2.3. Accessing the Gateway’s User Button and LED from C Code

2.3.1. Introduction

This tutorial will introduce you to a C application for Vesta Gateways that changes the output of the Gateway’s LED when the user button is pressed. It provides a useful reference for developers who wish to utilize the button and/or LEDs in their own Gateway applications.

The complete code for this tutorial is available as part of the Vesta Examples repository.

In code samples in this document, each command will be preceded by the command prompt, in this case root@080030717-00055:~/c-button-led#.

2.3.2. Setup

  1. First, log in to the Vesta Gateway. This will put you in the home directory.

  2. Create a directory for this project, and navigate into it.

    root@080030717-00055:~# mkdir c-button-led
    root@080030717-00055:~# cd c-button-led
    
  3. Use wget to download the project’s source code to c-button-led, as follows:

    root@080030717-00055:~/c-button-led# wget https://git.rigado.com/VestaExamples/c-button-led/raw/master/gpio-utils.c
    root@080030717-00055:~/c-button-led# wget https://git.rigado.com/VestaExamples/c-button-led/raw/master/gpio-utils.h
    root@080030717-00055:~/c-button-led# wget https://git.rigado.com/VestaExamples/c-button-led/raw/master/led_test.c
    root@080030717-00055:~/c-button-led# wget https://git.rigado.com/VestaExamples/c-button-led/raw/master/Makefile
    

    Note

    The Vesta image comes pre-installed with wget, a utility to download files from the network. An alternative to downloading the files directly to the Gateway would be to download them to your host computer, and then copy them to the Gateway using a utility like scp.

2.3.3. led_test.c code

The following code block shows the source code contained in the led_test.c file.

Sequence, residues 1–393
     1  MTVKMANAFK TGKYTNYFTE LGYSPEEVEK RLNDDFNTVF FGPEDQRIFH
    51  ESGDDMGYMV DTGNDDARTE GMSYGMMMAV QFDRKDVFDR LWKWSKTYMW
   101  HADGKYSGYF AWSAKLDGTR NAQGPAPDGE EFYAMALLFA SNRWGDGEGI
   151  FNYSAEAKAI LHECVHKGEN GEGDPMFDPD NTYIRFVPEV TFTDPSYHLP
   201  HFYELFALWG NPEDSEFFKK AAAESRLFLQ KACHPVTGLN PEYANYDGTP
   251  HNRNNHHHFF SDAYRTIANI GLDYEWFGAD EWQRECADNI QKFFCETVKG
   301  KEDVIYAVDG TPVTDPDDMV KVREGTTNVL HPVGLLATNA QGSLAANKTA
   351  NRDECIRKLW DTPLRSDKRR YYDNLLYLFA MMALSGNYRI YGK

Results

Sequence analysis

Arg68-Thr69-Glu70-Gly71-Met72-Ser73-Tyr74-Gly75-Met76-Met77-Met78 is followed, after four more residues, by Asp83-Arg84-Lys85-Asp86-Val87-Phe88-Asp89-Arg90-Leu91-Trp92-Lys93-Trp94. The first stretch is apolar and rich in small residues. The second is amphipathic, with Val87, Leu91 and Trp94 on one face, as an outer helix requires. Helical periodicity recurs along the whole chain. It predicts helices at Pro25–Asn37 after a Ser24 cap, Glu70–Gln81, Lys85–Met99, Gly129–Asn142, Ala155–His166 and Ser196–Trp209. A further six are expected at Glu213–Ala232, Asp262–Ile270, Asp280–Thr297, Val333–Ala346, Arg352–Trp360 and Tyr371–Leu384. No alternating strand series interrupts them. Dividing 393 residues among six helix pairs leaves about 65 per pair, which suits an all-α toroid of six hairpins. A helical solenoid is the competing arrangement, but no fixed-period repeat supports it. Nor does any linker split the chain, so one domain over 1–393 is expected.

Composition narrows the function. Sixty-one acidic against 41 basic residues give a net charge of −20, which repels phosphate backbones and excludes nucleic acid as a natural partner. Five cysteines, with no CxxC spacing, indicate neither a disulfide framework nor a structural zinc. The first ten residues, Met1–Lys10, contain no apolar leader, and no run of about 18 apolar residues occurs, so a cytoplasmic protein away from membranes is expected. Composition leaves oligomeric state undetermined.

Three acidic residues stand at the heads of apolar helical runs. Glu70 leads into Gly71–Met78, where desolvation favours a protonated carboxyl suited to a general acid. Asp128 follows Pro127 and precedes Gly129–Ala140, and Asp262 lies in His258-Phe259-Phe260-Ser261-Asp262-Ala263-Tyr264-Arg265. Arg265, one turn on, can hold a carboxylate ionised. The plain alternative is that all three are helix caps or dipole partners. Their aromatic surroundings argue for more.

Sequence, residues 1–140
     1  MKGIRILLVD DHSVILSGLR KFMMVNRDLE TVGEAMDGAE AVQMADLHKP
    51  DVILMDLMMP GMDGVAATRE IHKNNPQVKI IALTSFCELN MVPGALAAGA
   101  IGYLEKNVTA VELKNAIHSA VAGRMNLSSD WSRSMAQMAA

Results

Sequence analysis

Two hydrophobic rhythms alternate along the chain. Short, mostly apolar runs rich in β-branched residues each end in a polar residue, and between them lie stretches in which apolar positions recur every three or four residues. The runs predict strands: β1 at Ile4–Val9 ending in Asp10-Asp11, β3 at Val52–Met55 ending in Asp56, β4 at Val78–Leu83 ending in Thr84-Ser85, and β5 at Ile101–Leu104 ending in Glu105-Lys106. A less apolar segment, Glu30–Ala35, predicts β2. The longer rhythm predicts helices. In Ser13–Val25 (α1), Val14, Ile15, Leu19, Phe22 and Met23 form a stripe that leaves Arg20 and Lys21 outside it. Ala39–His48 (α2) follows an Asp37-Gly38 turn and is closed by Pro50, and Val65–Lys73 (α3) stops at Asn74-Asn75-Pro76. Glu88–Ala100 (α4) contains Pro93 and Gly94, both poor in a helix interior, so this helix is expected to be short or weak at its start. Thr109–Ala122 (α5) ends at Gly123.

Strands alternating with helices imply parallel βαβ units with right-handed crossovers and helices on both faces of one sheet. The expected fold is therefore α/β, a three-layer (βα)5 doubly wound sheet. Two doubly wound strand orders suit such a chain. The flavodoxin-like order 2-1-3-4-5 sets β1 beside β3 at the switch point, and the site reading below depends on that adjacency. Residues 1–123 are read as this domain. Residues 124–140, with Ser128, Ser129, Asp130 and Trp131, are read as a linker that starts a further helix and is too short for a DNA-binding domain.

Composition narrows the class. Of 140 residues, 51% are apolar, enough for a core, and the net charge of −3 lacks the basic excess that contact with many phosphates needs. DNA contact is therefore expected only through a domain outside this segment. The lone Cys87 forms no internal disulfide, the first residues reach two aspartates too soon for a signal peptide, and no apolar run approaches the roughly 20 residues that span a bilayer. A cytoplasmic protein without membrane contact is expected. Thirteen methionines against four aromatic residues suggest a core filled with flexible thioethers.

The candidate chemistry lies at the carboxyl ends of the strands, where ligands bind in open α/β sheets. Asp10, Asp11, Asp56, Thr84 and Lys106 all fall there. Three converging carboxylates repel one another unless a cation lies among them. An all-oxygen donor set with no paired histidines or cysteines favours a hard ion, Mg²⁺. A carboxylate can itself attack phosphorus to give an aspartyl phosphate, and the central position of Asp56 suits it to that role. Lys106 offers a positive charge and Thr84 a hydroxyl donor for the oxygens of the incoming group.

• The main() function in this file initializes the sys/class/gpio files for the GPIO lead connected to the Gateway’s user button, and then polls the file containing that GPIO lead’s current state for changes indicating that a button push has occurred.

  • Each time a button press is detected, the main() function calls next_led_pattern(), which re-configures the Pulse Width Modulator circuits controlling the Gateway’s LED, which results in a change to the LED’s output.

    #include <stdio.h>
    #include <stdlib.h>
    #include <unistd.h>
    #include <fcntl.h>
    #include <poll.h>
    #include "gpio-utils.h"
    #include <errno.h>
    
    #define USER_BUTTON 138
    #define TIMEOUT -1 //forever
    
    #define redled_dc "/sys/class/pwm/pwmchip5/pwm0/duty_cycle"
    #define redled_period "/sys/class/pwm/pwmchip5/pwm0/period"
    #define greenled_dc "/sys/class/pwm/pwmchip1/pwm0/duty_cycle"
    
    //duty cycle in nanoseconds
    const char period_1sec[] = "1000000000";
    const char led_flash_1[] = "500000000";   // .5sec
    const char led_flash_2[] = "950000000";   // .05sec
    const char led_off[] = "1000000000";    // 1 sec
    const char led_on[] = "0000000000";    // 0 sec
    
    const char period_tenth_sec[] = "100000000"; // .1 sec
    const char led_flash_rapid[] = "95000000";   // .005 sec
    
    void next_led_pattern()
    {
      int fd_red_dc;
      int fd_green_dc;
      int fd_red_period;
      static int state = 0;
    
      fd_red_dc = open(redled_dc, O_WRONLY);
      fd_red_period = open(redled_period, O_WRONLY);
      fd_green_dc = open(greenled_dc, O_WRONLY);
    
      if( fd_red_dc == -1 || fd_green_dc == -1 || fd_red_period == -1)
      {
              perror("Cannot open output file\n");
              close(fd_red_dc);
              close(fd_red_period);
              close(fd_green_dc);
              exit(1);
      }
    
      if(state == 0)
      {
        printf("Button pressed.\n pwm1 period=1 sec, duty cycle=100%\n pwm5 period=1 sec, duty cycle=50%\n");